Force them to work': British think tank calls on ministers to get tough on feckless fathers

Feckless fathers should be forced to take a job if they refuse to pay for the upkeep of their child, a think tank demanded last night.

They said that unemployed fathers on benefits who no longer live with their partner should be put on compulsory work experience schemes if they fail to take financial responsibility for their offspring.

Policy Exchange called on ministers to target these individuals and fast-track them on to compulsory work experience schemes to try to get them back into the labour market.

If they fail to stick with the work experience to the end, they would lose state payments, under the scheme being pushed by the centre-right think tank.

Centre-right Policy Exchange called for a job placement programme which would be similar to the controversial scheme that last month sparked accusations that young people were being forced into 'slave labour'. After a wave of protests last month ministers announced youngsters would no longer be sanctioned for quitting placements.

But despite the problems, Policy Exchange said a mandatory programme for fathers would make it more likely claimants would leave benefits and take paid work. Its report shows that absent fathers on benefits typically contribute just £5 a week in child maintenance payments.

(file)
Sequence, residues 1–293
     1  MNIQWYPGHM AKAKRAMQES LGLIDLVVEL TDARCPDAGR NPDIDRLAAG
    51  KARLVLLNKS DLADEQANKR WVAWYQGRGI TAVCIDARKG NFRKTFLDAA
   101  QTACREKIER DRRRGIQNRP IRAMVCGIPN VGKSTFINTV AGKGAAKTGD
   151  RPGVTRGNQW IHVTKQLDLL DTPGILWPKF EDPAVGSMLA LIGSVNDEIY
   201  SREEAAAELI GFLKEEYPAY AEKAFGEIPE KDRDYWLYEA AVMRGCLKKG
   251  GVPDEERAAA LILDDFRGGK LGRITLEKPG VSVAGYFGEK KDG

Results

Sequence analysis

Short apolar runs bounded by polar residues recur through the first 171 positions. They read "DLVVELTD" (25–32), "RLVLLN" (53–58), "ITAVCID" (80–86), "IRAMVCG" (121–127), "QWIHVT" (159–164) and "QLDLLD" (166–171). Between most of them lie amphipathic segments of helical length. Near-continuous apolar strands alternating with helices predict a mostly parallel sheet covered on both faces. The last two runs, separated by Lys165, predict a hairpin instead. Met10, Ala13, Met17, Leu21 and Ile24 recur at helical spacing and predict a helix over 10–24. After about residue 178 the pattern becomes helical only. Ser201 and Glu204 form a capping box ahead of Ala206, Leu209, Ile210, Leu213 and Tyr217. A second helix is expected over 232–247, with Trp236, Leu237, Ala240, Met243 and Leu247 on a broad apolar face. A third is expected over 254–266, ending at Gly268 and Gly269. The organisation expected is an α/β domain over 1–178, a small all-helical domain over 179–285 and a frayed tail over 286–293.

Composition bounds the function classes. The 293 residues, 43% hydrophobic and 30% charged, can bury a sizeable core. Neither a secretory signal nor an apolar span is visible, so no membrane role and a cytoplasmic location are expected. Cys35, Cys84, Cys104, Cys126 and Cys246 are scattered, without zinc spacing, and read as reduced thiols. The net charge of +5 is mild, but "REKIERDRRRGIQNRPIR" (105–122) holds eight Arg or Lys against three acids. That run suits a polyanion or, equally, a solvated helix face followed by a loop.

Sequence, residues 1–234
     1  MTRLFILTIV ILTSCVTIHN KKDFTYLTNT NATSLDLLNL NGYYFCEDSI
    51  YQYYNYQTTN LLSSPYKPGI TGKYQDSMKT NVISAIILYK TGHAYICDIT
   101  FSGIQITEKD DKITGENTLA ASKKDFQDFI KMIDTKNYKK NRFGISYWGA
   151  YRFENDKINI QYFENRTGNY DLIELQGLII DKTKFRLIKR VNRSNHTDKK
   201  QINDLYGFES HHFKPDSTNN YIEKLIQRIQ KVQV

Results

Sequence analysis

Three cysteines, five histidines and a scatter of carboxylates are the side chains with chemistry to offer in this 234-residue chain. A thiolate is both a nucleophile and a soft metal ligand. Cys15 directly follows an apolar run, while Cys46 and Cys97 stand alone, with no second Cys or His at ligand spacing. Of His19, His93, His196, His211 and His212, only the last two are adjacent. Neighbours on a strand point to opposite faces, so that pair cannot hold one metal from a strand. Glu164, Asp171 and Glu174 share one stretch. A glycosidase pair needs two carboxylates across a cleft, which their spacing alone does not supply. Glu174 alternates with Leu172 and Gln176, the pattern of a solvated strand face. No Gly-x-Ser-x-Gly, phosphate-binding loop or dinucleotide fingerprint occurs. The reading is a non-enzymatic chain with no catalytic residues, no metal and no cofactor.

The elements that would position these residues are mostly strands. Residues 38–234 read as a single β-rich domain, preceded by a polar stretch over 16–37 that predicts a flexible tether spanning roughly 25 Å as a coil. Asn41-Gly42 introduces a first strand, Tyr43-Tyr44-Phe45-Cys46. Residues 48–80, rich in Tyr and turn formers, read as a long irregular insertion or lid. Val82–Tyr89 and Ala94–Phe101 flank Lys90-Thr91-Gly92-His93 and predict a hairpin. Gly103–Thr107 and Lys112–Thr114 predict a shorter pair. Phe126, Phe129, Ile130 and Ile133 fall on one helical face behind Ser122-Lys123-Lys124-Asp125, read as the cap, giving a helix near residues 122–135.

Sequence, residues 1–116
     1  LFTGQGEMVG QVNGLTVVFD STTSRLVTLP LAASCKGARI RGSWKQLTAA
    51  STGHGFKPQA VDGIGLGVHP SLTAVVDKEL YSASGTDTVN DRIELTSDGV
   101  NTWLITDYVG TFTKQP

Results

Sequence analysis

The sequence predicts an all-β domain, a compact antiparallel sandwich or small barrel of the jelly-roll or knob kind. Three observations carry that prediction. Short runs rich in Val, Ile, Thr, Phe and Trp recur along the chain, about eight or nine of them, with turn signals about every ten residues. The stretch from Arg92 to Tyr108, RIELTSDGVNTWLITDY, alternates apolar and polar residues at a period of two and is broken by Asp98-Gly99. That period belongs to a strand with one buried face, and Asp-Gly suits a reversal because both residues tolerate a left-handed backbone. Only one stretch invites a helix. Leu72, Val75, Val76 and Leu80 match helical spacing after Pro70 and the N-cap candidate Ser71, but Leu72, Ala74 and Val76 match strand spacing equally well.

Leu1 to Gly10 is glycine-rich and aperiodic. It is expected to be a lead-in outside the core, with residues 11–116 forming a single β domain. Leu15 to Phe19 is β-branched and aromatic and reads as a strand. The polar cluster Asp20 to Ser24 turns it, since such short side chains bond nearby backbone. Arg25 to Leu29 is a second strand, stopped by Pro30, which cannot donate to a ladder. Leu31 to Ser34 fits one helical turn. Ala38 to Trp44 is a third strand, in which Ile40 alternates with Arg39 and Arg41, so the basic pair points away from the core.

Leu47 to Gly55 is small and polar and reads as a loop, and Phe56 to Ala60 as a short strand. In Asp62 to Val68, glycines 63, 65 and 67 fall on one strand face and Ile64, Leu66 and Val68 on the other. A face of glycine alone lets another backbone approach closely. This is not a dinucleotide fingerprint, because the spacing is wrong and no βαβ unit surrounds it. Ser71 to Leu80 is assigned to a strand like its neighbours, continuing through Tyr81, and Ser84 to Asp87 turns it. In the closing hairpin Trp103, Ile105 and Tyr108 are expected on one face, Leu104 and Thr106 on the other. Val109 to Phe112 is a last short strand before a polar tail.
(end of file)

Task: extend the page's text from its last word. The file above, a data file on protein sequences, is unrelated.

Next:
The study estimates there are up to 65,800 men who have been out of work for six months or longer and claims the Child Support Agency focuses on collecting payments from working parents.

The think tank also demanded that fathers are named on birth certificates.

And it called for single parents claiming income support to be exempted from paying a fee to use the CSA under changes being introduced by the Government, warning it will deter the poorest from chasing payments.

Report author Peter Saunders said: 'Most fathers want to do all they can to help and support their children, even when they find themselves unemployed. But a minority persistently evade their responsibilities. 'This is unfair on their children, their former partners, other fathers who are doing the right thing, and taxpayers, who have to pick up the tab.

'Organising work activity for tens of thousands of men, many of whom may have forgotten or never learned routine work discipline would be expensive. 'In the longer term, however, such a policy should reduce the burden on taxpayers, by getting at least some of these men back into useful employment. 'If they refuse to enrol on to these work schemes then benefits should be withdrawn.


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